Singapore approves lab-grown chicken nuggets, a world's firstBy Sophie Hirsh
Dec. 2 2020, Published 5:04 p.m. ET
As someone who ate chicken nuggets on the daily from childhood through college, I have to say, I’m pretty happy with the plant-based chicken nuggets available on the market today. To me, vegan nugs taste almost exactly like the meat-based ones I remember. That said, it’s still pretty darn exciting that lab-grown chicken nuggets are finally set to hit the market, as Singapore has just become the first country to approve the sale of one brand’s slaughter-free chicken nuggets.
Curious about these “cultured” chicken nuggets? Read on to find out everything we know about them, their availability, and what lab-grown meat could mean for animals and the environment.
Singapore will soon start selling lab-grown chicken nuggets.
The Singapore Food Agency has just passed a safety review of lab-grown “chicken bites,” which are produced by Eat Just's new brand, GOOD Meat. Eat Just is the U.S.-based company behind the Just Egg, a plant-based scrambled egg product that has become super popular in recent years.
As reported by The Guardian, this marks the first time that lab-grown meat has been approved for sale by a regulatory authority. So, not only is this exciting news for Singapore residents who are itching to try the new product, but it’s also a milestone for the cultured meat industry as a whole, as governments around the world could now follow in Singapore’s footsteps and become early adopters of a product that might become a mainstay in many people’s diets.
“I think the approval is one of the most significant milestones in the food industry in the last handful of decades,” Josh Tetrick, co-founder of Eat Just, told The Guardian. “It’s an open door and it’s up to us and other companies to take that opportunity. My hope is this leads to a world in the next handful of years where the majority of meat doesn’t require killing a single animal or tearing down a single tree.”
GOOD Meat is working on other lab-grown chicken products, as well.
“We plan to continue to investigate opportunities in Singapore and expand our investment base there as it is truly leading the way for many of the most game-changing food technologies,” Patrick Morris, CEO of ethical food investment company Eat Beyond, told Green Matters in a statement. Eat Just is a portfolio company of Eat Beyond.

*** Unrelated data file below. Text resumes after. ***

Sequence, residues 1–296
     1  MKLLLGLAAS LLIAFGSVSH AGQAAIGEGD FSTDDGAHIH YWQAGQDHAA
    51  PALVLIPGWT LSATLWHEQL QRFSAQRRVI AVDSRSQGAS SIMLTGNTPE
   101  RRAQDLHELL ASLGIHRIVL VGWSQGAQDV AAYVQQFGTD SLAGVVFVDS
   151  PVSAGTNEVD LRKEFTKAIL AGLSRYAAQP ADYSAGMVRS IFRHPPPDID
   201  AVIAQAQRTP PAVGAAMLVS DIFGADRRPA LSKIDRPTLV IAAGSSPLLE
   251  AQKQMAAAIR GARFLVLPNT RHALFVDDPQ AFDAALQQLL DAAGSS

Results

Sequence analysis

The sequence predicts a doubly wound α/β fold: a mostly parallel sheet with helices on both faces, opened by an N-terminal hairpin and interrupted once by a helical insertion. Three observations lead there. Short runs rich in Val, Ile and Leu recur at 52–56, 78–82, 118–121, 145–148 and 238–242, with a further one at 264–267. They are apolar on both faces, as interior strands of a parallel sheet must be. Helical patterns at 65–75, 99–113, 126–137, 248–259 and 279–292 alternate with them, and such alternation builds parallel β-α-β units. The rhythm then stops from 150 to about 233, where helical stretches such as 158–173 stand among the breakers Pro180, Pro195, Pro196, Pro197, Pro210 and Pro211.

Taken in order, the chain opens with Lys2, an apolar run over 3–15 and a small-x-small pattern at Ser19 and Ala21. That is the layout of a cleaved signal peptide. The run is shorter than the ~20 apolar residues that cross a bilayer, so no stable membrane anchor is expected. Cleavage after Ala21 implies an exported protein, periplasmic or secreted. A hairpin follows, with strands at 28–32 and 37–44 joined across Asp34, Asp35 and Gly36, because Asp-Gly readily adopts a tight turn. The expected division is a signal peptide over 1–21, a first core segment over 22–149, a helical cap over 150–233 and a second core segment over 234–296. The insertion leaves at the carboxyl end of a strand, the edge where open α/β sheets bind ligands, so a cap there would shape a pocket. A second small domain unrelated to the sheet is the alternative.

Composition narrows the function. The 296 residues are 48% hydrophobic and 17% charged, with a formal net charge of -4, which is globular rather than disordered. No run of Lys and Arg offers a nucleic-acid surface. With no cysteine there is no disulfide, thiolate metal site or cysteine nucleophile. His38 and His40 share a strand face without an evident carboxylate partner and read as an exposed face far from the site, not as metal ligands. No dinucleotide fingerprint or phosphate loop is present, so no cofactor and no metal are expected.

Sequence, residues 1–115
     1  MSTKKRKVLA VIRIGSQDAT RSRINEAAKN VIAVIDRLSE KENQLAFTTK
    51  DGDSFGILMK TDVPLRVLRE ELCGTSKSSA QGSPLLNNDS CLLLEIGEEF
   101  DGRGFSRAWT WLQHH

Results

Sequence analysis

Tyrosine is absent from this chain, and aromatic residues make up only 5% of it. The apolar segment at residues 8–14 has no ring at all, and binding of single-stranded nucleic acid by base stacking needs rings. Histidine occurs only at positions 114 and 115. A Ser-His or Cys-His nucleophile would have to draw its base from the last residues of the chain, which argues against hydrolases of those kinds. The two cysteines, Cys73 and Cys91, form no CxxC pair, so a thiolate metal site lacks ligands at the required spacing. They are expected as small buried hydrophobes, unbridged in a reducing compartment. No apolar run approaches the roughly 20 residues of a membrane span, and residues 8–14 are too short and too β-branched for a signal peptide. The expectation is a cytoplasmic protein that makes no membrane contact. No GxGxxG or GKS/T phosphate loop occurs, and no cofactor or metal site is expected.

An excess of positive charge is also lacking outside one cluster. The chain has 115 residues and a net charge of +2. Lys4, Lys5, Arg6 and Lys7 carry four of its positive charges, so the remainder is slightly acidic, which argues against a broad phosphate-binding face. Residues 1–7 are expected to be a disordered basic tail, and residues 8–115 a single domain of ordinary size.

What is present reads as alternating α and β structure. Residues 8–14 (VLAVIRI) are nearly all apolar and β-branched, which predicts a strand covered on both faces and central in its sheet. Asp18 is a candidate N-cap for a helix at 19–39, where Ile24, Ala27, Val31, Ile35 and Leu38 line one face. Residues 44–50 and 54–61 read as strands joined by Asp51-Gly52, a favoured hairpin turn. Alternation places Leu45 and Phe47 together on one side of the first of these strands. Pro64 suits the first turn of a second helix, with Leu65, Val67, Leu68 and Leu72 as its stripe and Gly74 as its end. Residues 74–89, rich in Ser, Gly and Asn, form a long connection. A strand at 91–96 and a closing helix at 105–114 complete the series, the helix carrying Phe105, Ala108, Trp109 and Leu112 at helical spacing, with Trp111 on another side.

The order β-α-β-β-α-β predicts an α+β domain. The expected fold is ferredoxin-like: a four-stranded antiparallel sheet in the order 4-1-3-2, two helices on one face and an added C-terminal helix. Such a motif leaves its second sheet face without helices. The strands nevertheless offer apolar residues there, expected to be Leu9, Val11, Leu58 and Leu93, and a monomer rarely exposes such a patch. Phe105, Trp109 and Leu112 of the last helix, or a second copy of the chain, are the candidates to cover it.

How is lab-grown meat made?
Lab-grown meat, also known as cultured meat, clean meat, or slaughter-free meat, is made by taking stem cells from an animal, and placing them in a petri dish until they grow into muscles and flesh, ultimately strongly resembling animal-based meat in taste, texture, and nutritional profile.
To make these lab-grown chicken bites, Eat Just is growing chicken cells in a bioreactor, and then combining them with plant-based ingredients to create the final product, as per Business Wire.
Here’s everything else we know about Eat Just’s lab-grown chicken bites.
The chicken bites will make their debut at a Singapore restaurant sometime in the near future, and the food will be available in limited quantities at first, as Eat Just explained to The Guardian. Additionally, consumers should expect the chicken bites to be pricey (at least, more expensive than animal-based chicken) when they first hit the market, but the brand plans to bring the price down in the future.
This is actually a promise you can rest assured believing, considering Eat Just did the same with the Just Egg. When the product debuted a few years back, it cost upwards of $10 — but now that the demand and supply have both increased, the Just Egg is typically priced at $4.99 at Whole Foods.
Lab-grown meat could change the world.
Shifting the food system away from animal agriculture and towards plants could make a massive difference in reducing greenhouse gas emissions, pollution, animal suffering, unjust labor, and so much more. Every year, about 65 billion chickens are killed for food — that’s 178 million chickens killed every single day, according to Sentient Media.
Most chicken consumers do not enjoy the fact that animals must be slaughtered so they can eat their flesh — in fact, many people prefer to ignore it. But still, many meat-eaters are skeptical about replacing the animals on their plate with plants.
Interestingly, a study found that 66 percent of Americans are willing to try lab-grown meat. If lab-grown meat can get to the point where its flavor, texture, and nutritional profile are imperceptible from animal-based meat, and if it eventually becomes equally affordable and accessible, there will be no good reason to continue eating animals.
Hopefully we will soon see other regulatory authorities following in Singapore’s steps, bringing us closer to revolutionizing the food system.